It is the invisibility of their pain that is galling.

A clear central narrative is lacking

The Labor campaign has been criticised for lacking a clear central narrative. But it was more than a marketing failure.

It is an intellectual failure that the modern left doesn’t have a narrative of the economy that gives voice to people’s sense of suffering.

It is timely to reflect on this lack, this week as we mark the 30-year anniversary of the fall of the Berlin wall.

The failure springs from the Left having not intellectually recovered from the collapse of socialism. When socialism proved itself unviable, its critique of the ways that capitalist economies tend towards exploitation was taken down with it.

The Left didn’t go through a process of sorting through the intellectual wreckage and developing a new position.

Instead it embraced its opponents’ account of free markets being efficient and meritocratic. It capitulated completely, taking on its opponents’ ideas in full.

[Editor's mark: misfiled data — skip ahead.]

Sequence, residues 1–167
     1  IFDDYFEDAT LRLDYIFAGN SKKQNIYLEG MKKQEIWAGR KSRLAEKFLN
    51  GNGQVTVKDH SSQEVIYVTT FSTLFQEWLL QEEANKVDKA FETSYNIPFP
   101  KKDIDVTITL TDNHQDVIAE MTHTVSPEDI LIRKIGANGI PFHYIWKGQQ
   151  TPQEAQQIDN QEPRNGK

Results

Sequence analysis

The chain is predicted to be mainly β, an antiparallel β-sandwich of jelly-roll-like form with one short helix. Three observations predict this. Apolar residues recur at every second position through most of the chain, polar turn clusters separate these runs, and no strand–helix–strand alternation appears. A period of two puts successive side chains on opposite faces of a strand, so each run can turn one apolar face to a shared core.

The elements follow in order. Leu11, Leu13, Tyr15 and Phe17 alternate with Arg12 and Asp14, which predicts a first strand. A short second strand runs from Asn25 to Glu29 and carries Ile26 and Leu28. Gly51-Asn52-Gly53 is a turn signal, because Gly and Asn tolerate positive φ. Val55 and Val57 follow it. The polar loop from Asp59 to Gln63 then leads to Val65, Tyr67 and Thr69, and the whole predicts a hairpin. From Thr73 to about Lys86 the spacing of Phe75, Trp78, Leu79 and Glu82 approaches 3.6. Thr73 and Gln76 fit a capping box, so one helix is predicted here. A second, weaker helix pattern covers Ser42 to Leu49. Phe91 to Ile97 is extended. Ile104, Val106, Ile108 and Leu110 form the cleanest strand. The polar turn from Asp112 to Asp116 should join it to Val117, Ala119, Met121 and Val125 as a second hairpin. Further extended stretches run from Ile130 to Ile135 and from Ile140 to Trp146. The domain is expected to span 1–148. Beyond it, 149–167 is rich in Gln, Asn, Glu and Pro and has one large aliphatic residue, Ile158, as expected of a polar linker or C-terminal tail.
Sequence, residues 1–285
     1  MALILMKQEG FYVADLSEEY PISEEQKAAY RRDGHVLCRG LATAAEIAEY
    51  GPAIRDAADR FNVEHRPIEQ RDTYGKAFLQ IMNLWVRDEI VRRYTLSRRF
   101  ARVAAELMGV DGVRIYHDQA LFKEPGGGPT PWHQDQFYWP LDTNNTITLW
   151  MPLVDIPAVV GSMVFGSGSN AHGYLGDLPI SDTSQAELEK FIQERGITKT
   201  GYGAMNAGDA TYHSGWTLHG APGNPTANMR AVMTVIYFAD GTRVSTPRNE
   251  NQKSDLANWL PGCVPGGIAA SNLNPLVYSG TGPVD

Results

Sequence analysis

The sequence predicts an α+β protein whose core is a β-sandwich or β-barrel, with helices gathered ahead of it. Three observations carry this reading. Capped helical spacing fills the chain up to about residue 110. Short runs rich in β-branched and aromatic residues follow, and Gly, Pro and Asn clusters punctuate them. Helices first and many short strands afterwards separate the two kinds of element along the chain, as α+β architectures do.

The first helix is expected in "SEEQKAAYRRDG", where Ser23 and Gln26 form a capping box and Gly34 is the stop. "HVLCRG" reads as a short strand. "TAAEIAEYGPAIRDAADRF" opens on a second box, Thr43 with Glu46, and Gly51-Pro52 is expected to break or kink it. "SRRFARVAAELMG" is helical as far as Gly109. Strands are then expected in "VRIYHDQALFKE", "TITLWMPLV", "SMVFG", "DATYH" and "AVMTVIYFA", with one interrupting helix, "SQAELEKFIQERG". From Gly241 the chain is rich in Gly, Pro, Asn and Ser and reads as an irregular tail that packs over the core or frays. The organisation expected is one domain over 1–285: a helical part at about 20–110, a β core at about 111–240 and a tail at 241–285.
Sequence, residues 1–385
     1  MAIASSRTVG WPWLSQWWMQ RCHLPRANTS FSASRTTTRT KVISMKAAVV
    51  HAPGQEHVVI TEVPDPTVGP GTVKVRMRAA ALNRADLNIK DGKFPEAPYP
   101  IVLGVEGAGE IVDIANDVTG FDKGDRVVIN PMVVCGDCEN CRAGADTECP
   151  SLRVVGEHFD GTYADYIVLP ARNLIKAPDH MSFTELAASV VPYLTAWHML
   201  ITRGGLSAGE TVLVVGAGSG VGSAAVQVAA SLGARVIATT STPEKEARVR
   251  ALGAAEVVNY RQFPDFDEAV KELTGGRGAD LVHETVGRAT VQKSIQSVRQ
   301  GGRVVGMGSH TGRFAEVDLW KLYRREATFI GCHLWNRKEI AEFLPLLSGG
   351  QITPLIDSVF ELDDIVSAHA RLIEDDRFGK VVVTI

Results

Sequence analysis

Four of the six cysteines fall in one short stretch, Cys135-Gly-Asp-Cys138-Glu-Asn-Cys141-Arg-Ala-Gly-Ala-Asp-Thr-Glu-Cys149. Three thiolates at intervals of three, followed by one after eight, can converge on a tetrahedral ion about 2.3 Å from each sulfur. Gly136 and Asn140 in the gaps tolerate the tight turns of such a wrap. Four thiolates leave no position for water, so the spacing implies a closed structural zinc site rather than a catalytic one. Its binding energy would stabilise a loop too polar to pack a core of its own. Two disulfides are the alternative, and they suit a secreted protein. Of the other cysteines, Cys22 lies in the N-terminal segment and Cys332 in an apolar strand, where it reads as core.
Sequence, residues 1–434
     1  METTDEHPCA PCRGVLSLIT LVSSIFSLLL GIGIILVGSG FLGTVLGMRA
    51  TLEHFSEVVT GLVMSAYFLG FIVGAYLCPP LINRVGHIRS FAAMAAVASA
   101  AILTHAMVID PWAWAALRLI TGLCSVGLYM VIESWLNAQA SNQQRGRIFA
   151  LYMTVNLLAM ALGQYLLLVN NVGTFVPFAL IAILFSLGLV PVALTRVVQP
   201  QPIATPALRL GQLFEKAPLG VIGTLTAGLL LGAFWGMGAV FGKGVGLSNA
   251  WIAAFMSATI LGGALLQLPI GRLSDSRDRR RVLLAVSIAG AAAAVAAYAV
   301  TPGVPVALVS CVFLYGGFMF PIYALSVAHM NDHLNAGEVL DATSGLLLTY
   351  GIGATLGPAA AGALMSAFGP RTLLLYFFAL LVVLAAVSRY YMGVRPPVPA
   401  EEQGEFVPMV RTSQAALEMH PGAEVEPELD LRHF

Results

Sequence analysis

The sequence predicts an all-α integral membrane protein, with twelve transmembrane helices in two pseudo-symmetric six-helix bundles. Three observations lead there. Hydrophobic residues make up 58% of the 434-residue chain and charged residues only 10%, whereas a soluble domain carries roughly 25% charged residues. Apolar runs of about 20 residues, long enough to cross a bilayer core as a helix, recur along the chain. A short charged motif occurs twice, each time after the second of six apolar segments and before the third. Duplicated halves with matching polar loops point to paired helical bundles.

For 30 years, Labor politicians have been telling the punters that they are not educated enough to understand that their free market policies are for their own good.

The difference between the major parties was reduced to Labor being prepared to tax and spend more to improve welfare services like public health and public education.

Reclaiming its roots

In the last election Labor was attempting to reclaim its roots by being more progressive than it’s been in a generation.

But it was still caught in the neo-liberal straight jacket.

Labor was still operating off a premise that markets are efficient, and that the only room to manoeuvre is in how you tax and spend.